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F DAVID MALLET, having

no written memorial, I am able to give no other account than such as is supplied by the unauthorised loquacity of common fame, and a very slight perfonal knowledge. · He was by his original one of the Macgregors, a clan that became, about fixty years ago, under the conduct of Robin Roy, so formidable and so infamous for violence and robbery, that the name was annulled by a legal aboli. tion; and when they were all to deno. minate themselves anew, the father, I

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suppose, of this author called himself Malloch.

David Malloch was, by the penury of his parents, compelled to be Janitor of the High School at Edinburgh ; a mean office, of which he did not afterwards delight to hear. But he surmounted the disadvantages of his birth and fortune; for when the duke of Montrose applied to the College of Edinburgh for a tutor to educate his fons, Malloch was recommended; and I never heard that he dishonoured his credentials.

When his pupils were sent to see the world, they were intrusted to his care; and having conducted them round the common circle of modifh travels, he ,

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returned with them to London, where, by the influence of the family in which he resided, he naturally gained admission to many persons of the highest rank, and the highest character, to wits, nobles, and statesmen.

Of his works, I know not whether I can trace the series. His first production was William and Margaret *; of which, though it contains nothing very striking or difficult, he has been envied the reputation; and plagiarism has been boldly charged, but never proved.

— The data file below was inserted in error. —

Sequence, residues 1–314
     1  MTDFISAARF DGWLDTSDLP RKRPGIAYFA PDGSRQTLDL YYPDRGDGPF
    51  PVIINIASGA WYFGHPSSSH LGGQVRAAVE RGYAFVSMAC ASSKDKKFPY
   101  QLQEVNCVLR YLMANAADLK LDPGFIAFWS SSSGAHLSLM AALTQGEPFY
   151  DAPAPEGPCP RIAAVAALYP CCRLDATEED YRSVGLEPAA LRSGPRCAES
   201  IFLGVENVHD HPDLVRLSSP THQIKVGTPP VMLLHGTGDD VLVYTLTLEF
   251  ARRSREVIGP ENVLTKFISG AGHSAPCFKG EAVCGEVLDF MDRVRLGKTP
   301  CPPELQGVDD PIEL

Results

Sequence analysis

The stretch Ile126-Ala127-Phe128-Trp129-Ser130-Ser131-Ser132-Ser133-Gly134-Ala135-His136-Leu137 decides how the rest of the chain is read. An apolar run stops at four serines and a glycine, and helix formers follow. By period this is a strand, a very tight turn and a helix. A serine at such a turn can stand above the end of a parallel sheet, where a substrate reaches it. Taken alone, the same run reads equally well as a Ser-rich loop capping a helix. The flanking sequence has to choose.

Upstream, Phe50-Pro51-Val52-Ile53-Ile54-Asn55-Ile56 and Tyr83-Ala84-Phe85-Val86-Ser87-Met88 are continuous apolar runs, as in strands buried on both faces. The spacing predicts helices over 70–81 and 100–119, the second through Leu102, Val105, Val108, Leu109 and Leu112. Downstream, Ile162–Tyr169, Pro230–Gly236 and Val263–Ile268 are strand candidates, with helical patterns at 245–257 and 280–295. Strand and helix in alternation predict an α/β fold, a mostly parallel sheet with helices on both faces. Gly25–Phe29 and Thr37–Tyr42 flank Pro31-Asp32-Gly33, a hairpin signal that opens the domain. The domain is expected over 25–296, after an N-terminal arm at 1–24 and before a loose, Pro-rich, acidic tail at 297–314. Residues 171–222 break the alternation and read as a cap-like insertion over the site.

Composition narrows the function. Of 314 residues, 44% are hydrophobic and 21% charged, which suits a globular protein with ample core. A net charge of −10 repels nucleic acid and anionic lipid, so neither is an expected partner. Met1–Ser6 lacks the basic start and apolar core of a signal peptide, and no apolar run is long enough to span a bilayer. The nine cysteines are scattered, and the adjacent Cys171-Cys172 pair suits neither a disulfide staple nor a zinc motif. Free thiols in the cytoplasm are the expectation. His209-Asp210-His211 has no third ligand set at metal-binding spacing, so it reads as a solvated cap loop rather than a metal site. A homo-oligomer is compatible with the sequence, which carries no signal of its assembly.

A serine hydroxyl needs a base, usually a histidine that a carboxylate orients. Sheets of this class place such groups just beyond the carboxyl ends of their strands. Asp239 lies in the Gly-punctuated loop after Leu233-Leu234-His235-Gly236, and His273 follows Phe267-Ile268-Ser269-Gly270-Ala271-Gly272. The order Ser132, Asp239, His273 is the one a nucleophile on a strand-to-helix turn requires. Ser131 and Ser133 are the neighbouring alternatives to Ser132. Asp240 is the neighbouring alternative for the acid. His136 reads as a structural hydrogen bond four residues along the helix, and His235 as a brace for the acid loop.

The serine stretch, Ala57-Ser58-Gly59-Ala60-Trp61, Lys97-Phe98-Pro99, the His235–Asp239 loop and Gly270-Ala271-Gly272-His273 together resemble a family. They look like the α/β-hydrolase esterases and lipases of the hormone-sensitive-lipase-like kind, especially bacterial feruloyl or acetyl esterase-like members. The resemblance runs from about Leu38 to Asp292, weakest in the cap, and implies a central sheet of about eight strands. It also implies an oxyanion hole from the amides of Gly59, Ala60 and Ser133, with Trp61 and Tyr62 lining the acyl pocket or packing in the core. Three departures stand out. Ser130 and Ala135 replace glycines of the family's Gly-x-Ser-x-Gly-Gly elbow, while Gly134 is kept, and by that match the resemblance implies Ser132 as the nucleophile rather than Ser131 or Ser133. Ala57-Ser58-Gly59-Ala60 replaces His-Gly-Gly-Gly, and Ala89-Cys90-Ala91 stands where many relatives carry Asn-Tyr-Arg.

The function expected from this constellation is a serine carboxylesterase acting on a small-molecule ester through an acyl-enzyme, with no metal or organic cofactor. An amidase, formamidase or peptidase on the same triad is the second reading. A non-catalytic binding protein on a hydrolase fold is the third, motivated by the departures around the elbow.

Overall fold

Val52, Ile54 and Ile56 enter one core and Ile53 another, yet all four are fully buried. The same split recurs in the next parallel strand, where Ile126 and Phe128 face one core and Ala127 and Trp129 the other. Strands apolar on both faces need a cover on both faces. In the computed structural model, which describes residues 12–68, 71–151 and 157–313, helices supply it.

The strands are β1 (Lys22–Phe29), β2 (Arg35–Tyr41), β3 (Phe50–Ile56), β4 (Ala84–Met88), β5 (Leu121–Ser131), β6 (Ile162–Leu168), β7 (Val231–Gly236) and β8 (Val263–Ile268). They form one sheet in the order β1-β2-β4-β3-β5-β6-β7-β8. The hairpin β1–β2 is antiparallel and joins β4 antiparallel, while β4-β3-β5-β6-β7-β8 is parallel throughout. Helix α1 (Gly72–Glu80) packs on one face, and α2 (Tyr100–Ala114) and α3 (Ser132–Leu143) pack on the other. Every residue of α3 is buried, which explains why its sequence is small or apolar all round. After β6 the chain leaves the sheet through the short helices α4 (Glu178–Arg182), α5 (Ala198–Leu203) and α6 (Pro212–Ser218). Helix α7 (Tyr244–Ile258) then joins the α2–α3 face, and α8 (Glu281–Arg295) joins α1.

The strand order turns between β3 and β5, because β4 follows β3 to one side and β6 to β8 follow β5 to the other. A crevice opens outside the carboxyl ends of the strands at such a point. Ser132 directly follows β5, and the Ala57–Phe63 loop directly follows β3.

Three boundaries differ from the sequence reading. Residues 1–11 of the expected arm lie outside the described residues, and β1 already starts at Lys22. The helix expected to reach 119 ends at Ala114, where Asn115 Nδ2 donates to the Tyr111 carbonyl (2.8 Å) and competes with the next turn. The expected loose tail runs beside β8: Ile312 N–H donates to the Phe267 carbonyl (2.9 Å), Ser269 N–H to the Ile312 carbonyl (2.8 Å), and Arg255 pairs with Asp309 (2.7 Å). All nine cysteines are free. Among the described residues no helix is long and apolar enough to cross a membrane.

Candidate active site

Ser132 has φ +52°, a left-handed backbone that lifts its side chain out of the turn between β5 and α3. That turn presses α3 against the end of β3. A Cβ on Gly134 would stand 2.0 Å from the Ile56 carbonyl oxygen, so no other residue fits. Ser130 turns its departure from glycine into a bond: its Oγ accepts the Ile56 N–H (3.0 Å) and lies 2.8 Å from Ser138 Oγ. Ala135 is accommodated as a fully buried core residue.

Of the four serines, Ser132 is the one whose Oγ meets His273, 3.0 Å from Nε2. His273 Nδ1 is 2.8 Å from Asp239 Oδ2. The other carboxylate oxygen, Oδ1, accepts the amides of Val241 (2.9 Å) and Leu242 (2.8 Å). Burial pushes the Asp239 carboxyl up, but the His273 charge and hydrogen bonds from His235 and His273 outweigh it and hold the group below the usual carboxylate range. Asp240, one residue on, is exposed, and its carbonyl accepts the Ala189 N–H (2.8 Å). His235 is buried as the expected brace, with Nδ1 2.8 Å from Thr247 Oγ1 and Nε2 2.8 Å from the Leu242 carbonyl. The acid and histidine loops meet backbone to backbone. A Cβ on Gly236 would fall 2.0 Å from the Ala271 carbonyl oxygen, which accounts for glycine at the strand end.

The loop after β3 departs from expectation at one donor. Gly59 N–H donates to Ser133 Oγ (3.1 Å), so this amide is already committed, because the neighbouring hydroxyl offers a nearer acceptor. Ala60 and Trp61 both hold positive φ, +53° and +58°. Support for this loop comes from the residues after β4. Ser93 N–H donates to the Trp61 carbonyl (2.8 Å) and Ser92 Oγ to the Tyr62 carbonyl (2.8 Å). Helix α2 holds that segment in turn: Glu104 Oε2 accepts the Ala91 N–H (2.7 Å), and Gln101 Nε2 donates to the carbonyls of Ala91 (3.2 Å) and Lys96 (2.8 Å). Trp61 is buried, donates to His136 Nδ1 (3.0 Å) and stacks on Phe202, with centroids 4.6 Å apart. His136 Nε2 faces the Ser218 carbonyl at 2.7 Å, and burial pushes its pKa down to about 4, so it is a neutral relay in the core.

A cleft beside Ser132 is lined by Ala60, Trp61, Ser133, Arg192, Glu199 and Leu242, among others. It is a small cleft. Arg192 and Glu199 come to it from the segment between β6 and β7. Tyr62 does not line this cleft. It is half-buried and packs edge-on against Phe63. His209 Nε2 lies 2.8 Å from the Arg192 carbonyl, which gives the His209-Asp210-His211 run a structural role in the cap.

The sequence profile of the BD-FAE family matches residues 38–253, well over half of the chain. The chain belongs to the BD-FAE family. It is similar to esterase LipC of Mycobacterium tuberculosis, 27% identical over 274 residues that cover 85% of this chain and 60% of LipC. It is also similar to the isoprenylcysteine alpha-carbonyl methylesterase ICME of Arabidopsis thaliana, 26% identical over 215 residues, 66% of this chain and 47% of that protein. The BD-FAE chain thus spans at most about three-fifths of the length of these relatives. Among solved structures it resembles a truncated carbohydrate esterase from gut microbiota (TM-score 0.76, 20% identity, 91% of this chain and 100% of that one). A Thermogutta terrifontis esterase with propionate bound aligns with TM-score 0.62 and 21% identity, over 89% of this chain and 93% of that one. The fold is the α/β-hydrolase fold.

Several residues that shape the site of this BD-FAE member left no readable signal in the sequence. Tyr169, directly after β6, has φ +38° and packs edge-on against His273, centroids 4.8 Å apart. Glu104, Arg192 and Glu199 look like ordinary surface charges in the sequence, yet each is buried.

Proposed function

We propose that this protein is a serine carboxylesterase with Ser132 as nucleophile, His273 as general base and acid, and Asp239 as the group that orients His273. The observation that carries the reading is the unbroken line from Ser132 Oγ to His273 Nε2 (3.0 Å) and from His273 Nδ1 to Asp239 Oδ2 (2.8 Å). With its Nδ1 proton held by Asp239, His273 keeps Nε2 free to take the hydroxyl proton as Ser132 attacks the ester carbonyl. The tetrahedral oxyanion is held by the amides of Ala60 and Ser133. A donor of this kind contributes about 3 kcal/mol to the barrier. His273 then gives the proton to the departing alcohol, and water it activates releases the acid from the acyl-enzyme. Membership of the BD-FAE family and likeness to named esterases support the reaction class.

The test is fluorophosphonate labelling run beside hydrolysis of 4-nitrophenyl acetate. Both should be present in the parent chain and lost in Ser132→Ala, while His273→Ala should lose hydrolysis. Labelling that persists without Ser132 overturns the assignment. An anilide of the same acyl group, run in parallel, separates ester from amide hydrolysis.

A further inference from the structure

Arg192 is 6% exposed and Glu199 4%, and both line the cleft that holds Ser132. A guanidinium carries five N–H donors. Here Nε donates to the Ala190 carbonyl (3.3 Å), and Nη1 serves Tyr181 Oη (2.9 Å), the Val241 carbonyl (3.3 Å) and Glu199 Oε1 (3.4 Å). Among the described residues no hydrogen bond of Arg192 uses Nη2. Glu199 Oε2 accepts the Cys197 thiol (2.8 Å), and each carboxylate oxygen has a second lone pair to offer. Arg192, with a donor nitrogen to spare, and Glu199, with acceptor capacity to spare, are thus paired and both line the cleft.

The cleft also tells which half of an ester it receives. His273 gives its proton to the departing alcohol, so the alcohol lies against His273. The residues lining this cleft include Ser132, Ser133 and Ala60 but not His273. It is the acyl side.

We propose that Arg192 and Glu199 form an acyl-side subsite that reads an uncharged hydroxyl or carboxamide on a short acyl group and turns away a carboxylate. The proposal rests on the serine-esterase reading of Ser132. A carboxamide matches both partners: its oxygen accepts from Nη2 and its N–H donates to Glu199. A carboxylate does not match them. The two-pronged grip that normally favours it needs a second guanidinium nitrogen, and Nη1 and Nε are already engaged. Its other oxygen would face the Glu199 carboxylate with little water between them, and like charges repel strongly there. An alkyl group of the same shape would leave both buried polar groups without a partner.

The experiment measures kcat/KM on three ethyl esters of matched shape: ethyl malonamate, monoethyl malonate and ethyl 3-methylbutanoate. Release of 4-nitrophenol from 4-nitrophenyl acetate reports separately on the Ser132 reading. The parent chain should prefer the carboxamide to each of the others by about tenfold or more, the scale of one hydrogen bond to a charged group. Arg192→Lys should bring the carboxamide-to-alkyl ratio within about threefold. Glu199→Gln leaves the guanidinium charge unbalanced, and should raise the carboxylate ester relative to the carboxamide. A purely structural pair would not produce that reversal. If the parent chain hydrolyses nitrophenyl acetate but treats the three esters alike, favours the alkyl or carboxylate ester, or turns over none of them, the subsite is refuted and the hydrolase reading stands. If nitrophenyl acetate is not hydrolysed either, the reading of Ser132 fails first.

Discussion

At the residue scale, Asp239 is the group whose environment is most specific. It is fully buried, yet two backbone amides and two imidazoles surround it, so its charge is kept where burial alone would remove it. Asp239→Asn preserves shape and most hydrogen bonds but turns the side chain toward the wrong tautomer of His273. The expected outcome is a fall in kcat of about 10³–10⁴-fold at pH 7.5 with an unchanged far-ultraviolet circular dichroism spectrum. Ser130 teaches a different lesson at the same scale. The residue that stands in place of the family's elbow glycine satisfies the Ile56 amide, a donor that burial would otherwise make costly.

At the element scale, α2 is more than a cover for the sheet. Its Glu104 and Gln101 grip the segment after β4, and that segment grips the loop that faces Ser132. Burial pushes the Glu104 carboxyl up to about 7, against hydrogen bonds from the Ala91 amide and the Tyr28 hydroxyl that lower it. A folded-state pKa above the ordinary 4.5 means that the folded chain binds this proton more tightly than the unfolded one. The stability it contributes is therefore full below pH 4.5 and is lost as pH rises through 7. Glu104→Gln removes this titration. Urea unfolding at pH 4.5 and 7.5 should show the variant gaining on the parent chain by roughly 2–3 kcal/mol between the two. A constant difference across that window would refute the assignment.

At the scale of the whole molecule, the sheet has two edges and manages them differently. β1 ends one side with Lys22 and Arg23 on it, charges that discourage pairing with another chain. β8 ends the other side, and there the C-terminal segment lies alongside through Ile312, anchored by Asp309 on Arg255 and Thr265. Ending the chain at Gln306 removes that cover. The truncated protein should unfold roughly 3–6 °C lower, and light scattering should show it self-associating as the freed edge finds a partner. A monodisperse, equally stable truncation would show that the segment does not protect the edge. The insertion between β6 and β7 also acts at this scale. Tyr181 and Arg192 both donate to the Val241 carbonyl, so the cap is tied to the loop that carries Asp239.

Not long afterwards he published the Excursion (1728); a desultory and capri

* Mallet's William and Margaret was printed in Aaron Hill's Plain Dealer, No 36, July 24, 1724. In its original state it was very different from what it is in this Collection, A 2

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cious view of such scenes of Nature as his fancy led him, or his knowledge enabled him, to describe. It is not devoid of poetical spirit. Many of the images are striking, and many of the paragraphs are elegant. The cast of diction seems to be copied from Thomson, whose Seafons were then in their full blossom of reputation. He has Thomson's beauties and his faults.

His poem on Vcrbal Criticism (1733) was written to pay court to Pope, on a subject which he either did not understand or willingly misrepresented; and is little more than an improvement, or rather expansion, of a fragment which Pope printed in a Miscellany long before he engrafted it into a regular poem. There is in this piece more pertness than wit,

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and more confidence than knowledge. The versification is tolerable, nor can eriticism allow it a higher praise.

His first tragedy was Eurydice, acted at Drury-Lane in 1731; of which I know not the reception nor the merit, but have heard it mentioned as a mean performance. He was not then too high to accept a Prologue and Epilogue from Aaron Hill, neither of which can be much commended.

Having cleared his tongne from his native pronunciation so as to be no longer distinguished as a Scot, he seems inclined to disencumber himself from all adherences of his original, and took upon him to change his name from Scotch Malloch to English Mallet, without any imaginable reason of preference

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